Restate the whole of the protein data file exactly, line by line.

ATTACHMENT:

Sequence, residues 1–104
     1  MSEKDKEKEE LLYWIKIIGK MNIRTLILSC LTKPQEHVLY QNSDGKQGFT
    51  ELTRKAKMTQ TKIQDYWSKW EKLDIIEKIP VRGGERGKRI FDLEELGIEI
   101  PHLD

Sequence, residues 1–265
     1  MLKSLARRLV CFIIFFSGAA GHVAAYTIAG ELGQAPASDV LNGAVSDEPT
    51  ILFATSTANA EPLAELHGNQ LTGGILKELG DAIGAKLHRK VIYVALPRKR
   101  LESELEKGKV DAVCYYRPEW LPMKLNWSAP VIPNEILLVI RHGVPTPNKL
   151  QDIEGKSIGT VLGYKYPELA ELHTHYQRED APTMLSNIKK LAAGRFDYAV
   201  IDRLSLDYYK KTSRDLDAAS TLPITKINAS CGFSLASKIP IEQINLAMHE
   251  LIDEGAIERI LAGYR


Sequence, residues 1–104
     1  MSEKDKEKEE LLYWIKIIGK MNIRTLILSC LTKPQEHVLY QNSDGKQGFT
    51  ELTRKAKMTQ TKIQDYWSKW EKLDIIEKIP VRGGERGKRI FDLEELGIEI
   101  PHLD

Sequence, residues 1–265
     1  MLKSLARRLV CFIIFFSGAA GHVAAYTIAG ELGQAPASDV LNGAVSDEPT
    51  ILFATSTANA EPLAELHGNQ LTGGILKELG DAIGAKLHRK VIYVALPRKR
   101  LESELEKGKV DAVCYYRPEW LPMKLNWSAP VIPNEILLVI RHGVPTPNKL
   151  QDIEGKSIGT VLGYKYPELA ELHTHYQRED APTMLSNIKK LAAGRFDYAV
   201  IDRLSLDYYK KTSRDLDAAS TLPITKINAS CGFSLASKIP IEQINLAMHE
   251  LIDEGAIERI LAGYR